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Your Beermonger: Big Business

by Nick Anderson — February 8, 2013 at 12:45 pm 931 33 Comments

Editor’s Note: This sponsored column is written by Nick Anderson, beermonger at Arrowine (4508 Lee Highway)

As mentioned in the comments section of last week’s column, the biggest news story in the beer industry involved the U.S. Justice Department filing suit to stop the purchase of Grupo Modelo (makers of Corona, among other brands) by AB InBev (Budweiser, Stella Artois), the biggest of the big beer companies. It’s funny which stories have ‘legs’ where others don’t; I remember the InBev purchase of Anheuser-Busch gaining quite a bit of attention, but I never got any phone calls from reporters then — and I did this week when the big guys got told “no”.

During the conversation I had with a reporter who had reached out for some perspective from the retail side, I was asked if I thought the competition between Big Beer and Craft Beer was more or less intense than a few years ago. What I think is that where once Big Beer fought to keep small breweries off the shelves because they saw a potential long-term threat, now Craft Beer is established itself.

The Sierra Nevadas and Dogfish Heads of the world aren’t going anywhere; Craft Beer is only 6% of U.S. beer sales, but that number is growing every year while the biggest names keep seeing their market share decline. Big Beer’s plan was to keep growing to the point where it would become, forgive the phrase, too big to fail. With the Grupo Modelo deal dead, or at the very least significantly delayed, I’m looking for the big beer companies to deploy a classic strategy: if you can’t beat ‘em, buy ‘em.

Once upon a time it was the smaller, regional brewers who would get bought out by the big guys. Today it’s Craft Breweries in the sights. The sale of Goose Island to Budweiser a few years back was just the start, if AB InBev has its way — just recently Lagunitas founder Tony Magee mentioned meeting the AB InBev employee who made the Goose Island deal happen, and insinuated that Bud was sniffing around for a potential deal for Lagunitas as well (have no fears — Tony isn’t going anywhere anytime soon). As more drinkers opt out of the ‘faux craft’ labels created by Big Beer and offerings like Bud’s new Black Crown come and go, look for more small breweries to get bought up.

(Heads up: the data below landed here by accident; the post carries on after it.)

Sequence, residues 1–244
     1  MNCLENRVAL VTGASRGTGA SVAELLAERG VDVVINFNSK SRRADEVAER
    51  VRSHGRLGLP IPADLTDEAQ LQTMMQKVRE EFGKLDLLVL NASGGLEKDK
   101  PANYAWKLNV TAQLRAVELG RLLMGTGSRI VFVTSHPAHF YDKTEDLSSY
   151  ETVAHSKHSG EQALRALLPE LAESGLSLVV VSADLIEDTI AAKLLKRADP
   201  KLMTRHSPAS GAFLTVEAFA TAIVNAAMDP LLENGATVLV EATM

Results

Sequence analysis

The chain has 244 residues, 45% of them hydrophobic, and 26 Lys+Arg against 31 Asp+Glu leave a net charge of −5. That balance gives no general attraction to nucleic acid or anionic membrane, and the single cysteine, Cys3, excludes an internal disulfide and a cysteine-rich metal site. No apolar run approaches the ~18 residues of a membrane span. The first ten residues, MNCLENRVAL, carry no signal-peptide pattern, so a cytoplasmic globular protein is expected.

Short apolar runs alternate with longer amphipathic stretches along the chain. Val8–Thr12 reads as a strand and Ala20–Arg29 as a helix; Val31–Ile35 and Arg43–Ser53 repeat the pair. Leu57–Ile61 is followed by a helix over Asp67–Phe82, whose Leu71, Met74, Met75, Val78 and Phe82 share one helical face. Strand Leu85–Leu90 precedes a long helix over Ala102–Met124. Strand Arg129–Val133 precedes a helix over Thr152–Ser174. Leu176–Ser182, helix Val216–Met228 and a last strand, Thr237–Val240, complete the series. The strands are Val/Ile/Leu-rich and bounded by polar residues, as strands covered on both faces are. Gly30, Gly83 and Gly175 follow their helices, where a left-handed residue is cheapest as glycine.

No matter what, keep in mind that it’s your support that has brought America’s small brewers to this point. InBev and MillerCoors can run all the ads and buy all the breweries they want; America is discovering its craft breweries, and every day more of us learn the difference between the real thing and a line we’re being sold. Until next time.

Cheers!

Nick Anderson maintains a blog at www.beermonger.net, and can be found on Twitter at @The_Beermonger. Sign up for Arrowine’s money saving email offers and free wine and beer tastings at www.arrowine.com/mailing-list-signup.aspx. The views and opinions expressed in the column are those of the author and do not necessarily reflect the views of ARLnow.com.

Community discussion guidelines: Our sponsored columns are written by members of the local business community. While we encourage a robust and open discussion, we ask that all reviews of the businesses — good or bad — be directed to another venue, like Yelp. The comments section is intended for a conversation about the topic of the article.

  • novasteve

    Does Arrowwine sell the quality beers I drank in college from the G. Heilman Company such as Meister Brau? Goebels? For a special treat, we’d also drink Strohs, but that’s if we could afford it.

    • Arlingtoon

      Over in Wisconsin we certainly were familiar with G. Heileman’s finest, but preferred the beer from a small brewery over in Monroe called the Joseph Huber Brewing Company. Their two signature beers (alhtough I think they contained the same beer — they both tasted the same) were Huber and Hi-Brau. They sold for $.35/quart — and you got a nickle back when you returned the bottle.